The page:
Couric says viewers weren't ready for her move

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NEW YORK -- Katie Couric admits she sometimes wishes she hadn't made the move from NBC's "Today" to the "CBS Evening News."

"Of course," she said in an interview with New York magazine. "I'm human. I'm not going around 'dee-da dee-da dee.' I have days when I'm like, 'Oh my God, what did I do?' But for some weird reason, they don't happen that often."

Couric's move to anchor the CBS newscast has been a bust so far. Its ratings are deep in third place, and the network has rolled back some of the changes it made last fall to shake up the format.

Under new Executive Producer Rick Kaplan, the "CBS Evening News" is a more traditional hard-news evening newscast in the mold of its predecessors and competitors.

Had she known that would happen, she said, the job "would have been less appealing to me. It would have required a lot more thought."

"People are very unforgiving and very resistant to change," the 50-year-old Couric said. "The biggest mistake we made is we tried new things."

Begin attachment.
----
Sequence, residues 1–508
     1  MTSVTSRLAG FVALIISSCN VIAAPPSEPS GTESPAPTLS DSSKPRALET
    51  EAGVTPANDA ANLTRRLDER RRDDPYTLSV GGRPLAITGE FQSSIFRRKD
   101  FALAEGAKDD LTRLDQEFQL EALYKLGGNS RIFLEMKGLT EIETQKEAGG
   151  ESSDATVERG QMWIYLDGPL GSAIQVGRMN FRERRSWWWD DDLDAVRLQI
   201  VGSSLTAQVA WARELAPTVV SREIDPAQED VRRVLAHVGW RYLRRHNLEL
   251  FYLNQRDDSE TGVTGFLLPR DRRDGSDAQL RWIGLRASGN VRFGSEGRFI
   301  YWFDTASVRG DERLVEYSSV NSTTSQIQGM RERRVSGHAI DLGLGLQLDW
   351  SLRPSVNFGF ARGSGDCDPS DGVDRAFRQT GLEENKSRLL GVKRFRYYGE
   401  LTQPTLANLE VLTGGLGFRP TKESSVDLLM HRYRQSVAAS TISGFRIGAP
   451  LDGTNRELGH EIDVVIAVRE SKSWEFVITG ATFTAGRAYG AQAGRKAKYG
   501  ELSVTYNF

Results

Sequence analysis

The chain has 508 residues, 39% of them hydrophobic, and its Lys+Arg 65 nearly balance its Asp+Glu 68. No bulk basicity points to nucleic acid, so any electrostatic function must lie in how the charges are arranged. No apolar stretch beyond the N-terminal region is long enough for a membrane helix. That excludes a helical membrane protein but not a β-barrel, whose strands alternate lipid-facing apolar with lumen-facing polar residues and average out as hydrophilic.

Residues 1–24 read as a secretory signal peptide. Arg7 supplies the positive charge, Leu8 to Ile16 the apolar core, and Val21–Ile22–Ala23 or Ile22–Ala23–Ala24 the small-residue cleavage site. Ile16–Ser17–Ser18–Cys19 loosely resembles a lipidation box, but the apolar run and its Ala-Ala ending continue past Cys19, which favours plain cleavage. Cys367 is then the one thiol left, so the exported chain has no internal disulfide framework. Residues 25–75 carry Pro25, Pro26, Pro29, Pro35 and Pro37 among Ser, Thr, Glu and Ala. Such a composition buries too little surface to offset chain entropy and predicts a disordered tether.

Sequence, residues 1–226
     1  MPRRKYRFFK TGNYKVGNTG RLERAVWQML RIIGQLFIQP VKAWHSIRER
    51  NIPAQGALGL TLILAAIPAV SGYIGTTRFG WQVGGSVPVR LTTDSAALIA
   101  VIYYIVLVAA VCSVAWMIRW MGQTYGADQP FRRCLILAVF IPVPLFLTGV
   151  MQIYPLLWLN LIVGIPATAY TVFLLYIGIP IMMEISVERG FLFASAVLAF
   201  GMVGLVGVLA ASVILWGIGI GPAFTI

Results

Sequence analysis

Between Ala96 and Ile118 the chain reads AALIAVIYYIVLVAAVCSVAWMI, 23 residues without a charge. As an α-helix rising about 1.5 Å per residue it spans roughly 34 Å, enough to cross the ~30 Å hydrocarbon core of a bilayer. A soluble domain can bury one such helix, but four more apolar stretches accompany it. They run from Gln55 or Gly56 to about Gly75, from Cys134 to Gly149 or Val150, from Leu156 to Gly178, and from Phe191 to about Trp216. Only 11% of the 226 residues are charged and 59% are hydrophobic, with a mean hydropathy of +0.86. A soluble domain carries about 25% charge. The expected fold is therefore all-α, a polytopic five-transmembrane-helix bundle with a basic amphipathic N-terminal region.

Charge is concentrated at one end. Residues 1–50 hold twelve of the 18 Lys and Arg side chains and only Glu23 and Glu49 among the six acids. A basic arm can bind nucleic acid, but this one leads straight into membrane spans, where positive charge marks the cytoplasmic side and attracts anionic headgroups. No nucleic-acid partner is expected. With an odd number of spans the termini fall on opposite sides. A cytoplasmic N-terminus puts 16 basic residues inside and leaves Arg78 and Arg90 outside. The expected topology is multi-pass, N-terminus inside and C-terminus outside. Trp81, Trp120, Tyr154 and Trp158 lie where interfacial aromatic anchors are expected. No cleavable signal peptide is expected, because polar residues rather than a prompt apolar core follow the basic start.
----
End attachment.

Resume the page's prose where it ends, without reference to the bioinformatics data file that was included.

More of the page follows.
Kaplan, who said Monday he hadn't read New York's article, said he didn't take Couric's comments as an indication that she's not excited about the broadcast they are doing now.

"She understands there are all sorts of different ways where Katie can be Katie," he said. The comments have caused relatively little concern at CBS News; everybody understands there are good days and bad days at work, he said.

Couric told New York that "I've gone through a bit of a feeding frenzy and there's blood in the water and I've got some vulnerabilities. This person who's been successful isn't so great, and finally she's been put in her place -- that kind of mentality. I think it's fairly primal."

However, Couric said she's looking forward to doing more work for "60 Minutes" next season.

"If it turns out it wasn't a perfect fit (at the 'Evening News'), then, you know, I'll do something else that's really exciting and fulfilling for me."

There has been tension on the set of the evening newscast.

Couric said she slapped news editor Jerry Cipriano on the arm for using the word "sputum" during a tuberculosis story last month.

"I got mad at him and said, 'You can't do this to me. You have to tell me when you're going to use a word like that,"' Couric said. "I was aggravated, there's no question about that."

"I sort of slapped him around," she said.

Sputum, which refers to expectorated matter especially from the air passages in diseases of the lungs, bronchi or upper respiratory tract, was banned from future broadcasts.

But Couric said she has a good relationship with Cipriano.

"It became kind of a joke," she said.
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